Friday, January 15, 2010

Steve Early’s reflections on being embedded with organized labor.

by Jeff Kelly Lowenstein

Being an “embedded” journalist has negative connotations for many in the industry, but some may change their opinion after reading Steve Early’s book.

A long-time union organizer for the Communication Workers of America, Early has gathered many of his reviews of labor books and ruminations about things labor in general. Embedded with Organized Labor: Journalistic Reflections on the Class War at Home is a collection that sparkles with Early’s intelligence, many years of experience, perspective and heart.

Many thanks to dear friend and uber-connector Danny Postel for sharing this book with me. I may add a category of books bearing his name since he has given me so many useful ones!

Early divides his work into six sections, each of which has some introductory text before moving onto the specific articles that comprise that part of the book.

Readers are treated to essays about some of the labor movement’s historic dimensions, the movement’s inconsistent and even tortured relationship with race, class and gender, voices of dissent and reforms, workers’ rights and wrongs, organizing in the global village and changing to win.

Early’s values are evident throughout the book.

His tone shifts at different points from an earnest and informed historian to a disappointed friend to a hopeful brother. But his belief in the potential for a truly grassroots and democratic union made up of actively reading members in which race, class and gender are seen but do not disqualify people from full participation does not waver.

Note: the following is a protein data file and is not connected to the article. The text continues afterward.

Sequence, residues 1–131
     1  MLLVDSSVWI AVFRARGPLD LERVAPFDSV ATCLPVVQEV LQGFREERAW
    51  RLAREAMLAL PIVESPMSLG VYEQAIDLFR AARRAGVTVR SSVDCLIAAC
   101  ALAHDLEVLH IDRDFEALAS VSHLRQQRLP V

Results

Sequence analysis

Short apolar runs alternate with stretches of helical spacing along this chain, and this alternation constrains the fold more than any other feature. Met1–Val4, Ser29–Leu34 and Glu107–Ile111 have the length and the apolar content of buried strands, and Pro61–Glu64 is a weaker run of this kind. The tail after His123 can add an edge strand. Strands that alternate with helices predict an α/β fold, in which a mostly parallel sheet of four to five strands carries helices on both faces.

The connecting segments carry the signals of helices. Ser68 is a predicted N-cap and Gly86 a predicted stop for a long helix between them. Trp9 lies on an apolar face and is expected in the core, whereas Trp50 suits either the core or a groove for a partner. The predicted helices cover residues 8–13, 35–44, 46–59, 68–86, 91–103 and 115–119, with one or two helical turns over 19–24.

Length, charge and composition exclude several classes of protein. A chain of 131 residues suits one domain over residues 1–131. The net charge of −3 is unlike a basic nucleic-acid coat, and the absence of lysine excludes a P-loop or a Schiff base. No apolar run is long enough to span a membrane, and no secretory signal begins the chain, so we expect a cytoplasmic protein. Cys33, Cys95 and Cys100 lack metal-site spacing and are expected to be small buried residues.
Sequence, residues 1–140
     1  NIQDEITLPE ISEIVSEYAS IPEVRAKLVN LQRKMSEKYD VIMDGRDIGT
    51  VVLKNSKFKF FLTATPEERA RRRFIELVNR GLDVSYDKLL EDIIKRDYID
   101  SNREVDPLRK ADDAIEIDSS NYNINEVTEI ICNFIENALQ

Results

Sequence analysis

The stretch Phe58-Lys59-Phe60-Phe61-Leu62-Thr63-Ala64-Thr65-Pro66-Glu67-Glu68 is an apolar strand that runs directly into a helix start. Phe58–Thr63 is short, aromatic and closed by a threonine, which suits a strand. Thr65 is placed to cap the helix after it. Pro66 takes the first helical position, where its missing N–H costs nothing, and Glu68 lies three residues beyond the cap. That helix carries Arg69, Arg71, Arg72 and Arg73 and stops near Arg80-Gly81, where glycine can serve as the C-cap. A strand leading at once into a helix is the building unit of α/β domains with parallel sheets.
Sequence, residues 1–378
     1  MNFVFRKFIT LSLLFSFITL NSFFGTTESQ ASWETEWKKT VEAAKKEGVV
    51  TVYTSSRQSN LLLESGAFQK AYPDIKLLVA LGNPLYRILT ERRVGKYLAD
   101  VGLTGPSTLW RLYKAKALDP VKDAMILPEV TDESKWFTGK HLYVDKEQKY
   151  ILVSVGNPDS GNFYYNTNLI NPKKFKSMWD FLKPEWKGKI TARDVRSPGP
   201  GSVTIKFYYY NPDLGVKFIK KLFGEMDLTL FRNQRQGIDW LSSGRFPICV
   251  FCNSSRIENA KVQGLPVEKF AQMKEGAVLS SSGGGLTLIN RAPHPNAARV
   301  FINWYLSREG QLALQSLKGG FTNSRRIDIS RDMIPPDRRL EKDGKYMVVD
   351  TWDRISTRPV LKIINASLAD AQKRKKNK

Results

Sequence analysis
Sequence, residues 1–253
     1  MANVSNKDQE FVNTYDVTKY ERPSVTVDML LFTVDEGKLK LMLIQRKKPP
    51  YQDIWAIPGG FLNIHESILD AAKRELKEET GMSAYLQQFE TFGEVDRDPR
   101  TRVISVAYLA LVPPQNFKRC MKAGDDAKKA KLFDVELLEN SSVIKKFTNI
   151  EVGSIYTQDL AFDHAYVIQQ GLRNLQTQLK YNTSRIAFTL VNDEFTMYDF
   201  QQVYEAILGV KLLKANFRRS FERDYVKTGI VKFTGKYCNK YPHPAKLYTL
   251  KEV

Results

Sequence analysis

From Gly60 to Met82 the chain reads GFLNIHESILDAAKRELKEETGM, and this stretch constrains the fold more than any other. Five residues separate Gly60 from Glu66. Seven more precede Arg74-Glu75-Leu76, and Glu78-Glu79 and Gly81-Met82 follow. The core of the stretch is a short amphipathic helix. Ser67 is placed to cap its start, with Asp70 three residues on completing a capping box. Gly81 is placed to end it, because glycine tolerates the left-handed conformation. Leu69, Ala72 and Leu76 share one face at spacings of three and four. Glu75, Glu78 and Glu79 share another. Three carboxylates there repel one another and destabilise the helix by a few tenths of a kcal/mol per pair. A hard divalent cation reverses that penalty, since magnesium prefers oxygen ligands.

That Early has attempted to live out his beliefs give his words more credibility.

Embedded with Organized Labor gave me literally dozens of books from which to draw to learn more, knowledge about individuals about whom I had never heard and a clearer sense of the broad narrative arc of labor in the American story.

Such sharing of information could easily be accompanied by arrogance. However,at no point did I that Early was performing intellectual pirouettes to show off his vast knowledge of the movement. Rather he is continually sharing and evaluating texts, and the people who wrote them, in an effort to inform, prod and help move people to productive, collective and positively self-interested action.

Early’s got guts, too.

The section of race, class and gender squarely confronts the way in which the movement has fallen short in history and today of reaching some of its loftier ideals,for example. The failure to deliver on promise shown during the early part of John Sweeney’s New Voice era gets similar treatment.

One of my favorite sections involved the pieces about the growth of SEIU and the anti-democratic and technocratic leadership that he says has emerged under Andy Stern. These articles were not as book review-oriented as some of the others, but were no less informative for their different focus.

Again, Early’s unyielding commitment to the role of labor and his considerable critical faculties allow him to make these critiques in an unflinching and constructive spirit.

My only quibble is that it would have been helpful to know the where and when of the publication so that we could see his reflections and thought develop over time.

If this is a blemish, it is a small one.

Early will be speaking next Monday night at the No Exit Cafe at an event organized by Postel. Whether you can make it or not, I urge you to consider purchasing, reading and sharing this valuable and informative book.

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